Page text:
Described by the party as the most significant land reform package in three decades, the measures are intended to ensure that farmers receive compensation for land lost to development, without slowing the breakneck pace of industrial growth. They do so by allowing farmers to directly transfer their land, still technically owned by the state, to developers or other businesses.
But here in the rice-and-corn-growing region of Guangdong province, where tensions are still running high weeks after the protest, farmers say the changes do not address their main grievance: corruption, much of it directed by local party officials far below the radar of the central government in Beijing.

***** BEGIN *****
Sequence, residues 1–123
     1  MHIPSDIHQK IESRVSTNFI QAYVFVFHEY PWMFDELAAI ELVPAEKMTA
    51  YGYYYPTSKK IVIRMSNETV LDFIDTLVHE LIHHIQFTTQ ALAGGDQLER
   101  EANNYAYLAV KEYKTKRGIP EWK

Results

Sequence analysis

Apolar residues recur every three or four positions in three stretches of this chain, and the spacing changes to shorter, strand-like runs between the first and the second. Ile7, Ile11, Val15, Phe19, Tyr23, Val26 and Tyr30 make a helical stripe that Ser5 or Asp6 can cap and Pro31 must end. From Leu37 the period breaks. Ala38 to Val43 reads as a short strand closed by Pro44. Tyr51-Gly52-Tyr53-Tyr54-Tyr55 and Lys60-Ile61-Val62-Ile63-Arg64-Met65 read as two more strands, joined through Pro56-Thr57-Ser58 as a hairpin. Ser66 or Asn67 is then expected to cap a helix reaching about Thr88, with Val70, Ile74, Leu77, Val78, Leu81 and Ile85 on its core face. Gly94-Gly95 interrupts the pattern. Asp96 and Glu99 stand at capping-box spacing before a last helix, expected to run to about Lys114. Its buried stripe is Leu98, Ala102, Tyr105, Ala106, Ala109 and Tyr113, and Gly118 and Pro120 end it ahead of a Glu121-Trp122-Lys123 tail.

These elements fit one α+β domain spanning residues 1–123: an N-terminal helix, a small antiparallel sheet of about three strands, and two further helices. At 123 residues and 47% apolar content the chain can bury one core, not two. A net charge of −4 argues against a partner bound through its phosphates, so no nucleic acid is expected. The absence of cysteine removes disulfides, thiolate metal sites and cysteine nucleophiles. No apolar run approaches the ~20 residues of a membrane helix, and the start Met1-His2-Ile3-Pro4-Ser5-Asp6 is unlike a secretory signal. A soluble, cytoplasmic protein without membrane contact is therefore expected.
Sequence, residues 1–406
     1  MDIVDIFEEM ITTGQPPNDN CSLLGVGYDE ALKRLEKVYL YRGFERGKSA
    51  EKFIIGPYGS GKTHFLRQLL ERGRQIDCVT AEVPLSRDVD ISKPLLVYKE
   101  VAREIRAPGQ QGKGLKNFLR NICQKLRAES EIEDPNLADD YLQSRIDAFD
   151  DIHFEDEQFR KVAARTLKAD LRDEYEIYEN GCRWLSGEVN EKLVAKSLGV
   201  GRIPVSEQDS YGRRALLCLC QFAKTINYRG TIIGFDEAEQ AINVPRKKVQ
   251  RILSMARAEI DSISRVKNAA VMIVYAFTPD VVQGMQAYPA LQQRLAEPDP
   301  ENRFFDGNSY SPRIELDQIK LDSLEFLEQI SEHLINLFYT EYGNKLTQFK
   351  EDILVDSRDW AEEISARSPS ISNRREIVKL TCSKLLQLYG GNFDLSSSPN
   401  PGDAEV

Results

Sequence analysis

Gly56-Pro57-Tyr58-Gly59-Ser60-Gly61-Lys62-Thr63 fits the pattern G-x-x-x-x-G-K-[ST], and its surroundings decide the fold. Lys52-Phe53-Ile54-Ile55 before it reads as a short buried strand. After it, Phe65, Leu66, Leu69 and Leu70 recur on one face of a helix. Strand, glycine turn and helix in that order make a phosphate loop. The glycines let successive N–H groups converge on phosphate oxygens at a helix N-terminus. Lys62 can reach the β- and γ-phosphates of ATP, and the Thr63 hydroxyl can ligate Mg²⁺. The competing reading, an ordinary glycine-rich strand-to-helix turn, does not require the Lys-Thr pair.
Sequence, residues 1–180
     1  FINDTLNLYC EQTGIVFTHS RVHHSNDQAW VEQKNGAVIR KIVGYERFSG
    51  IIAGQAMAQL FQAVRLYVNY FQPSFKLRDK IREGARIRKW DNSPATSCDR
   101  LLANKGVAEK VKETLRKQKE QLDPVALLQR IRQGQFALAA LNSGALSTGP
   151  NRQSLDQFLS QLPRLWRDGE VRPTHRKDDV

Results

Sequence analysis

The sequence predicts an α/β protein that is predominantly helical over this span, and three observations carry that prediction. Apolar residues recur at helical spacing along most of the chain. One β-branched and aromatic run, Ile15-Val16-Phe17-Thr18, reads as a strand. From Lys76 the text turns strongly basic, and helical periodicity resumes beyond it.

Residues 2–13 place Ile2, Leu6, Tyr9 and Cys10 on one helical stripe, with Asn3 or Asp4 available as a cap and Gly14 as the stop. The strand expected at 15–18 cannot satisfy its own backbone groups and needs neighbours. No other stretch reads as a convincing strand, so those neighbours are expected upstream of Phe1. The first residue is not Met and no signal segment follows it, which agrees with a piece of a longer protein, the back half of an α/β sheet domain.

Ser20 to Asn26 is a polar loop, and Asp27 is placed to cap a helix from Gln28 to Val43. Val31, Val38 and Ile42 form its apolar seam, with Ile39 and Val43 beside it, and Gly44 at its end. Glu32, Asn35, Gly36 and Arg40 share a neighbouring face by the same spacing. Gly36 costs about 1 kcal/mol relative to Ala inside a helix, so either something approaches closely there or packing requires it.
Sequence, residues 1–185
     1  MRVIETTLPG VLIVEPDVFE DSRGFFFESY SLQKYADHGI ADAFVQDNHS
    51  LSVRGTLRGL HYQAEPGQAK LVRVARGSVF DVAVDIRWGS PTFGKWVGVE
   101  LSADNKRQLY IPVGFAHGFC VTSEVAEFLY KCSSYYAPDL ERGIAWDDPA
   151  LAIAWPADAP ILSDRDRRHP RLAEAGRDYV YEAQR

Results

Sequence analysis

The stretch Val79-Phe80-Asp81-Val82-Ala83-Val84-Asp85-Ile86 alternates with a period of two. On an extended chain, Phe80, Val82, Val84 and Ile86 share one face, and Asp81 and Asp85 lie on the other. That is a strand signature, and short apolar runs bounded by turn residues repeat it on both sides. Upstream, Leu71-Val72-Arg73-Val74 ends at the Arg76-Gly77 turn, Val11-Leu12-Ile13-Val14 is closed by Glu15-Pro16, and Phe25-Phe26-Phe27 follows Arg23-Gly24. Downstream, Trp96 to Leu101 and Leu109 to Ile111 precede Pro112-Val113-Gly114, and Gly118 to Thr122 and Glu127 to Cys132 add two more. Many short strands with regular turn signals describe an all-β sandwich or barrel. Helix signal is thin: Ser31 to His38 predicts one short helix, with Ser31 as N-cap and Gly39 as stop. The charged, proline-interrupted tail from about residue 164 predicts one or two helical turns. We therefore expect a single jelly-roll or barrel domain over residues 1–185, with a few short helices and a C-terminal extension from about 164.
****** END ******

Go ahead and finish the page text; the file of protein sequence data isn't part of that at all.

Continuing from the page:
“I don’t think this will give us more protection,” said a farmer in the village of Xianyi, two hours’ drive from Hebu, who gave his surname as Li. “We have no expectations. We just hope the government will not further take away our land, because we live on the land. If it’s sold, we will lose our livelihoods.”